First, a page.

SRI International spearheads two groundbreaking efforts to secure 5G

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Deep-tech pioneer addresses 5G network security by leveraging its unique intellectual property and research, extensive experience and relationships with its spinout companies

Menlo Park, Calif. – September 20, 2022 SRI International, the nonprofit research institute behind some of the world’s most impactful deep-tech advancements, today announced that it has won two 2022 awards from the National Science Foundation Convergence Accelerator for Cohort – Track G, Phase 1, Securely Operating Through 5G Infrastructure. The NSF Convergence Accelerator is a young, but significant program that builds upon basic research and discovery to accelerate solutions that enable long-lasting societal impact. The awards further SRI’s goal of bringing security, testing and analyzing enhancements to unsecured networks and clouds so that the government, enterprises and end-users can protect their data and their ways of working. 

The NSF Convergence Accelerator is an extremely competitive program that has partnered with the Department of Defense, Office of the Under Secretary of Defense for Research and Engineering, to advance 5G technologies and communications. SRI is the only prime organization of the 16 program awardees that received two separate awards, each worth up to $750,000. One project seeks to enhance the security of core 5G infrastructure, the other to allow secure operation over existing 5G networks. 

This work is critical as 5G adoption is accelerating and 5G networks are becoming key components of modern communication systems and essential to national security — creating new opportunities and heightening risks. 5G is also “worryingly hackable.” That calls for organizations with the right intellectual property and experience to play a leading role in delivering secure networking solutions.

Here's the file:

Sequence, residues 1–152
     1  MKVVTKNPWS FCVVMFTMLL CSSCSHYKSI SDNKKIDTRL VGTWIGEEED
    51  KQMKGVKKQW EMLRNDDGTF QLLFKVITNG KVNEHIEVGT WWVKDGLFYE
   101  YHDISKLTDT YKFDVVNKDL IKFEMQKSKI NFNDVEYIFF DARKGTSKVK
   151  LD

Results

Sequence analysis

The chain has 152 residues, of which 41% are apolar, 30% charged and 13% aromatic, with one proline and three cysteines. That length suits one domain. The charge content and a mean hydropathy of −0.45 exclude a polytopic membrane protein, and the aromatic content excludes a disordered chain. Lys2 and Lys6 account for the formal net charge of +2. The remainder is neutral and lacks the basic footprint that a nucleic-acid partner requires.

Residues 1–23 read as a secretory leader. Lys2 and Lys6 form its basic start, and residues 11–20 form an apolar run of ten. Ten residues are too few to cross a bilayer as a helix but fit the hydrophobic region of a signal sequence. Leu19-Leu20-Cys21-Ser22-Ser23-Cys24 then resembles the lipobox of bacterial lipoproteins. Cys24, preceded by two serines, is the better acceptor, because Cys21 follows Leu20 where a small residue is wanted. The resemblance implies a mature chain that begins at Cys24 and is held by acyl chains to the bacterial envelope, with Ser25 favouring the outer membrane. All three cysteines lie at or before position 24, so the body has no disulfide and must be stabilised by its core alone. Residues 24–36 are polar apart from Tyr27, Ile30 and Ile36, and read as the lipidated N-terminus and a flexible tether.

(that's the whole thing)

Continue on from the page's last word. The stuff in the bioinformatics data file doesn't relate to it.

“SRI knows networking and security, with more than 50 years’ experience in these areas,” said Patrick Lincoln, vice president of information and computing sciences (ICS) and director of the computer science lab at SRI. “We hosted one of the original network nodes on the internet, blazed the trail of internetworking and pioneered technology to protect vital infrastructures from malicious attacks. Now, we’re safeguarding and planning for the future in cybersecurity to help ensure the safety of every person and endpoint that connects to the internet and emerging 5G networks.”

In its NSF Convergence Accelerator work, SRI will make core 5G infrastructure inherently more secure and enable military, government and critical infrastructure operators to have the capability to operate through public 5G networks, while meeting security and resilience requirements. The institute will leverage its proven and extensive cybersecurity and networking knowledge, intellectual property and spinout companies AccuKnox and Confidencial to meet the Track G goal.